Despite skepticism in the 1990s, the verdict on foreign aid is in and it is affirmative – aid can work. What’s more, the quantity of foreign aid has hit record levels, exceeding those envisioned in donor promises even with the onset of global economic crisis. But the crucial question of foreign aid allocation remains outstanding. What should be the objective of foreign aid, and which selectivity criteria should be adopted to meet this end?
Professor Patrick Guillaumont is one of the world’s experts on development economics, with a special interest in foreign aid allocation. He is author of several innovative papers, in which he challenges the paradigm currently dominating foreign aid. The prevailing thinking within governments and international organizations is that donor assistance should be targeted to poor countries with sound institutions and policies. Professor Guillaumont suggests an alternative paradigm. For the effectiveness of aid to be maximized, allocation must take into account the recipient’s vulnerability to external shocks. This event is an opportunity to hear Professor Guillaumont discuss why a country’s environment is important in assessing aid worthiness, and how aid criteria should be reformed to reflect vulnerability.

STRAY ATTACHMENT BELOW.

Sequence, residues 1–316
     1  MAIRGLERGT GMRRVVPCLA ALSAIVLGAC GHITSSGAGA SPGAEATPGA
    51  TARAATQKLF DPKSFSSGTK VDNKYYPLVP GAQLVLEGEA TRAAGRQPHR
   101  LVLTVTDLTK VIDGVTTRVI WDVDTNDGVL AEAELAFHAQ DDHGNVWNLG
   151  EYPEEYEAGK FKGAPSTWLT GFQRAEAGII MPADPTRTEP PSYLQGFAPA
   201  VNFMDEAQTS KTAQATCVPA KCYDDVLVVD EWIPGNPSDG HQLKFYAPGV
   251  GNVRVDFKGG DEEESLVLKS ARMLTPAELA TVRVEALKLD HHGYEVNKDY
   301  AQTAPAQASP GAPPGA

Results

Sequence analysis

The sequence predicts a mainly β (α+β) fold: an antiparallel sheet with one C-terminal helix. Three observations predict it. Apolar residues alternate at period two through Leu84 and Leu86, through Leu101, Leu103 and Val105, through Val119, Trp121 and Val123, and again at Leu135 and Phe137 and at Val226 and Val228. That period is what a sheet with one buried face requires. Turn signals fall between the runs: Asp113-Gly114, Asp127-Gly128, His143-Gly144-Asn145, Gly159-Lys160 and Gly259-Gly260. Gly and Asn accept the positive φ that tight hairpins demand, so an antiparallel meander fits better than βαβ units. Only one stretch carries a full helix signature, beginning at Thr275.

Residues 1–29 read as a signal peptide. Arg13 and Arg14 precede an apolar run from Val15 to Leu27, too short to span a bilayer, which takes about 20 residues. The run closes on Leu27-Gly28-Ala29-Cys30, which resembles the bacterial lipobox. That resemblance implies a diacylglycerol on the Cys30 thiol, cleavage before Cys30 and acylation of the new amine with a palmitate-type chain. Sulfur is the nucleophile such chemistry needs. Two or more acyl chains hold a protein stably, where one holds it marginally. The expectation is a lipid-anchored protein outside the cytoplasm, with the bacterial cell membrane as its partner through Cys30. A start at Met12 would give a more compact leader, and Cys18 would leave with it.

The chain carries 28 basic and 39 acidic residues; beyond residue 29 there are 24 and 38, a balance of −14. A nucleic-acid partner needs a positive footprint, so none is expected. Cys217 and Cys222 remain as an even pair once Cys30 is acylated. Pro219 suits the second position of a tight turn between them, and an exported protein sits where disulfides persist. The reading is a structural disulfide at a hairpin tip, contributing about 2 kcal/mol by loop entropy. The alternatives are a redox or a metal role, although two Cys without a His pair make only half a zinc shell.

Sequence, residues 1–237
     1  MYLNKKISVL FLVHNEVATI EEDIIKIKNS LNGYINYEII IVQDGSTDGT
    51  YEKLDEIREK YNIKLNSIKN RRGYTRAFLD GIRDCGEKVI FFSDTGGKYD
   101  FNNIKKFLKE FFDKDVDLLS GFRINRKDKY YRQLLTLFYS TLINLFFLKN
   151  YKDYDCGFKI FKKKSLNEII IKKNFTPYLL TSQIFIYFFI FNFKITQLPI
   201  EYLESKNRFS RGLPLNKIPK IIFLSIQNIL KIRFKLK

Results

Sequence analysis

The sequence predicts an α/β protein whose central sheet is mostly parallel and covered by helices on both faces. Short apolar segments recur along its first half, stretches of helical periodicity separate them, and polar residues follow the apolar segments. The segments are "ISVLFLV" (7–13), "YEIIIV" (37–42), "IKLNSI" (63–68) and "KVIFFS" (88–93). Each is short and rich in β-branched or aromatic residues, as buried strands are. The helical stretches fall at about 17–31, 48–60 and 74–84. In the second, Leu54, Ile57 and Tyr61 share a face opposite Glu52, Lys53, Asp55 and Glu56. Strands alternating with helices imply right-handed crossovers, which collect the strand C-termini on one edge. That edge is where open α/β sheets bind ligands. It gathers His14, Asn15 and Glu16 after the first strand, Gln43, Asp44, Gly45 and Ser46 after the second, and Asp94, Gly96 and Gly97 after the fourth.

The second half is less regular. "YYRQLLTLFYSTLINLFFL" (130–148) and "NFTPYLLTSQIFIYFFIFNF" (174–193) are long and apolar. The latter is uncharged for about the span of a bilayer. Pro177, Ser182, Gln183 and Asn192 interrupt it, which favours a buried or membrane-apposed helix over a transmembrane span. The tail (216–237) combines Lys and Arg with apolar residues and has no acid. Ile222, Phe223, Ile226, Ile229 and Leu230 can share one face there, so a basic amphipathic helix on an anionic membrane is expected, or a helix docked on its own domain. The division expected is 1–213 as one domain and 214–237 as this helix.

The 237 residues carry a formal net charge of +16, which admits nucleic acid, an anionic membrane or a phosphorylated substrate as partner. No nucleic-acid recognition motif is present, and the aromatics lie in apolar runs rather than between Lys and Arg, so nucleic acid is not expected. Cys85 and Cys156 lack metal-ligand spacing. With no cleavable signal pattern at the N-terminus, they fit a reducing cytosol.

Temporary North Lawn Building, UN Headquarters New York, Conference Room E